Researchers from the company Kaspersky have warned of a new spam campaign, in which e-mails are sent en masse with an attachment in which the Agent Tesla malware is hidden. The campaign is aimed at employees of companies, and what is unusual is that those behind it were very careful when it comes to details so that these emails can easily deceive potential victims because they look like business emails with documents attached. The attacker’s goal is to trick the recipient into opening the attachment and launching the malware.
Cybercriminals use real companies as cover: emails contain real logos and legitimate-looking signatures.
“Their English is far from perfect, so they pretend to be residents of non-English-speaking countries (Bulgaria or Malaysia, for example) to raise less suspicion,” say the researchers.
They noticed that the names of many companies are used in this campaign, so the text of the messages is changed accordingly. Sometimes they ask the company’s employees for prices for certain products listed in the attached archive, other times they ask if the specified product is in stock. Researchers say these are probably not all versions of the text that cybercriminals use to lure victims. The idea is to convince the victim to check what kind of goods the fake client is interested in.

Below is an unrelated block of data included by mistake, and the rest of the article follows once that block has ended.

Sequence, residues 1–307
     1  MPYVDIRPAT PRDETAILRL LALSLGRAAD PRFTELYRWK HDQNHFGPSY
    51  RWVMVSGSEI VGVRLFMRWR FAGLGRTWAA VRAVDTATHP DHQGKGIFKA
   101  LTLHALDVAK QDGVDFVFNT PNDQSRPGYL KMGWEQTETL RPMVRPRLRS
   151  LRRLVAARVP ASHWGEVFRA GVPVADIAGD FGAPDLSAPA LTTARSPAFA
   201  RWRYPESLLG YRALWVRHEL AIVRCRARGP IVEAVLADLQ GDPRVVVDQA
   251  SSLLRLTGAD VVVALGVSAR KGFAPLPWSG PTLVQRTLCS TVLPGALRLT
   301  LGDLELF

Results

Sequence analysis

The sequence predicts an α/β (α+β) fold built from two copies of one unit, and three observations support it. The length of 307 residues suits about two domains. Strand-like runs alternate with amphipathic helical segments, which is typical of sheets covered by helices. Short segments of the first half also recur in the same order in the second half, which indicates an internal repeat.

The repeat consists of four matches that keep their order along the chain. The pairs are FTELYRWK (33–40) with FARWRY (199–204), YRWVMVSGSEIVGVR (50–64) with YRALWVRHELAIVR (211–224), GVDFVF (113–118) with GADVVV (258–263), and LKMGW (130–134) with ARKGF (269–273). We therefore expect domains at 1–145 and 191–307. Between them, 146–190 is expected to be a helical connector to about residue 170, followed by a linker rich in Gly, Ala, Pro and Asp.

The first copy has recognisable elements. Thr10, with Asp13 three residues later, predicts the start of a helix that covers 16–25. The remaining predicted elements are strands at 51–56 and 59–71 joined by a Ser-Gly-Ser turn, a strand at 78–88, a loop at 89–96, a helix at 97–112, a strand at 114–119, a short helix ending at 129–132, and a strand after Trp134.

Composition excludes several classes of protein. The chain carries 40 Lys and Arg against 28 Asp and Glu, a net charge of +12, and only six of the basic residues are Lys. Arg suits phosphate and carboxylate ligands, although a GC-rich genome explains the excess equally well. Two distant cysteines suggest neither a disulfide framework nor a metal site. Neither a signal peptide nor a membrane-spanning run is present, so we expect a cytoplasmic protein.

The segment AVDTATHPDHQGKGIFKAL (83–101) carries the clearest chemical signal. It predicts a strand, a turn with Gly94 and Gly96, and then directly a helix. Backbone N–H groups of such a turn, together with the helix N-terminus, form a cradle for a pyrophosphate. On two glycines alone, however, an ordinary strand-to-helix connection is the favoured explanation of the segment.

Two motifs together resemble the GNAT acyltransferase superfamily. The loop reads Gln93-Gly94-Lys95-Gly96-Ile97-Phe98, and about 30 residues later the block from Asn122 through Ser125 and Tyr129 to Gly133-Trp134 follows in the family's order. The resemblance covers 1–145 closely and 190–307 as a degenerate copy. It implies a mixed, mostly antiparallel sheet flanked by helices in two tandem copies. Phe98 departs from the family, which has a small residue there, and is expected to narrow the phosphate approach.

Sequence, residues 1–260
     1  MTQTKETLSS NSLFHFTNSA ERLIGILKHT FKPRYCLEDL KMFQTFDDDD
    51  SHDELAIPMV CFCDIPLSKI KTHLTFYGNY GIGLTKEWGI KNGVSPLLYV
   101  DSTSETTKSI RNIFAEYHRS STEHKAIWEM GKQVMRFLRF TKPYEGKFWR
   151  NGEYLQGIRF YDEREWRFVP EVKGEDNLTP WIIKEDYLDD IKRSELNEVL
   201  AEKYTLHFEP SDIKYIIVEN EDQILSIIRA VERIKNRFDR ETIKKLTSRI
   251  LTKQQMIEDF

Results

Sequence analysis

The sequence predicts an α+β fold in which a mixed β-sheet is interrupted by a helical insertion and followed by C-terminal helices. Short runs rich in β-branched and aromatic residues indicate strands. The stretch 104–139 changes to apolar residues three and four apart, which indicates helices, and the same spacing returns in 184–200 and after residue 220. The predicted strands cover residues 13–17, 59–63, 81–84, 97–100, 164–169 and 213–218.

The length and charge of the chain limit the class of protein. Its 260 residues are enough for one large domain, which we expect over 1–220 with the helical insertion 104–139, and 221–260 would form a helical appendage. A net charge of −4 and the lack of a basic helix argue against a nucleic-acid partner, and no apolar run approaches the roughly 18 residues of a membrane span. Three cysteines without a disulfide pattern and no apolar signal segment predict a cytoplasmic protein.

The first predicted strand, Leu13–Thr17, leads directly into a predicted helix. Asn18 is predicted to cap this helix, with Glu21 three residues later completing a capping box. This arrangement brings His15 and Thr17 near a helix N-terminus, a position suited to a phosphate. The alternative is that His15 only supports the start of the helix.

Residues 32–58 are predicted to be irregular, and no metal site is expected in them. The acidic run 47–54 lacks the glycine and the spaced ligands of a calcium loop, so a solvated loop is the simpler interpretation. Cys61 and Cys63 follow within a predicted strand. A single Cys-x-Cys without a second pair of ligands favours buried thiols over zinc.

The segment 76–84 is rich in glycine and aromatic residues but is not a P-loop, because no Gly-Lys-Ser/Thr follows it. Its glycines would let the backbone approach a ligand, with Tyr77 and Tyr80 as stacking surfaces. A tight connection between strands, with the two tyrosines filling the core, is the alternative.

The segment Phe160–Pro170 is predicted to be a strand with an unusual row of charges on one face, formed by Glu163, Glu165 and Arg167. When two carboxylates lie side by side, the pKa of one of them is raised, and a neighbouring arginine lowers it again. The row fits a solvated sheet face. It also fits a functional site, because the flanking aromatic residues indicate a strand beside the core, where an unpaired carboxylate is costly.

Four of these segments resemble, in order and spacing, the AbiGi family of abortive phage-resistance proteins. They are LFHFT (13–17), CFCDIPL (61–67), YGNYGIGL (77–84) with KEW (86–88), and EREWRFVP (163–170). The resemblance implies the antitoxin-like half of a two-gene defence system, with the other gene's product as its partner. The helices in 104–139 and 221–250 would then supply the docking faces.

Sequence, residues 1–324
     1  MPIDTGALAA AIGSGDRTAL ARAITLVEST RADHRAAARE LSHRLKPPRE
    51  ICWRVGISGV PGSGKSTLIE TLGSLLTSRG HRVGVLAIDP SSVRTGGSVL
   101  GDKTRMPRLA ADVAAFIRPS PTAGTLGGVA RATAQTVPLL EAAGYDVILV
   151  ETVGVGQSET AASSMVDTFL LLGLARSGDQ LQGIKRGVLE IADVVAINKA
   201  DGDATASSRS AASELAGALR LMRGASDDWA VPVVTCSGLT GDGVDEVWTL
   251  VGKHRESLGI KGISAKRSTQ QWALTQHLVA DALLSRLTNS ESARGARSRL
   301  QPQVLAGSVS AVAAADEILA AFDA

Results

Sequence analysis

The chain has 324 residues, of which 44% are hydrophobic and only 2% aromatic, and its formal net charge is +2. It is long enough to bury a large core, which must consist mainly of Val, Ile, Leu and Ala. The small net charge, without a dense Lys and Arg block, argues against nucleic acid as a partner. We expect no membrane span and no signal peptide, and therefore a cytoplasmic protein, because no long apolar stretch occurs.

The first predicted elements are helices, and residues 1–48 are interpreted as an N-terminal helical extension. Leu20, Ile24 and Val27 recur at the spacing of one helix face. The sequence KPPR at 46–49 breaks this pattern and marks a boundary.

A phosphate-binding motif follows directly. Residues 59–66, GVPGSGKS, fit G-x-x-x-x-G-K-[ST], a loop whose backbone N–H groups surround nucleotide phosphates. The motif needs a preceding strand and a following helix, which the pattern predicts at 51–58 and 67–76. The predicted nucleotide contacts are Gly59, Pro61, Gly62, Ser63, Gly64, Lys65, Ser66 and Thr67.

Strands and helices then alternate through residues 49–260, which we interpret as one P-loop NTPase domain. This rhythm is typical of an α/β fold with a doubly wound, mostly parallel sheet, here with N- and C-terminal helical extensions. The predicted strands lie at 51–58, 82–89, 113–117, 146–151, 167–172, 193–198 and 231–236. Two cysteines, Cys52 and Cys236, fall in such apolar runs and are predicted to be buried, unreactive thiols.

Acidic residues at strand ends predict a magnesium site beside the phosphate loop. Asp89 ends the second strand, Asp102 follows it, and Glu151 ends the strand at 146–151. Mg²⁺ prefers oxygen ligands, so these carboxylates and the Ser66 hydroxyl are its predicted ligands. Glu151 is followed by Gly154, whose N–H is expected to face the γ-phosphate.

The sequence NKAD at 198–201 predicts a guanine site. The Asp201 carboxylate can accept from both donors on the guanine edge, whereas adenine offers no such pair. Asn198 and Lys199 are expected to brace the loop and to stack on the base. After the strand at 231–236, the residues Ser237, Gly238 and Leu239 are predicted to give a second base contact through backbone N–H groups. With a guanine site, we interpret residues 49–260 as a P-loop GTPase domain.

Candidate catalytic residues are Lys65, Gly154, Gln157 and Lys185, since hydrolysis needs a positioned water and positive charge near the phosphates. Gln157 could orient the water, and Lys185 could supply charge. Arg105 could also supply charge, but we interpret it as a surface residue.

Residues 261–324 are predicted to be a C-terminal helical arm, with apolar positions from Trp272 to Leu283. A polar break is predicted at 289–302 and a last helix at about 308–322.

“Cybercriminals put a lot of effort into the preparation phase, which is not typical for such mass mailing campaigns. “We have previously seen such techniques used only in targeted attacks,” the researchers say.
The only alarm from the victim’s point of view is that the sender’s address rarely matches the company name, while the sender’s name differs from the name in the signature, which is not common for legitimate business addresses. In the example provided by Kaspersky, mail is sent from the address “[email protected]”, which may be fine for a marketing mail, but “absolutely not normal for a quote request letter”.
Agent Tesla is a fairly old malware that steals confidential information and sends it to attack operators. First of all, it looks for credentials stored in various programs: browsers, e-mail clients, FTP/SCP clients, databases, remote administration tools, VPN applications, and several messengers. However, Agent Tesla is also capable of stealing data from the clipboard, recording keystrokes and taking screenshots.
Malware sends all collected information to attackers via e-mail. However, some versions of the malware can also transmit data via Telegram, or upload it to a website or FTP server.
Ideally, such malware should be stopped at an early stage, when the email reaches the corporate mail server. Although malware is not always visible to the naked eye and at first glance, mail scanners are usually capable of such tasks. For this reason, the researcher’s recommendation is to protect the server with an appropriate security solution, as well as employees’ computers, as well as their education.
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Source: Informacija.rs by www.informacija.rs.
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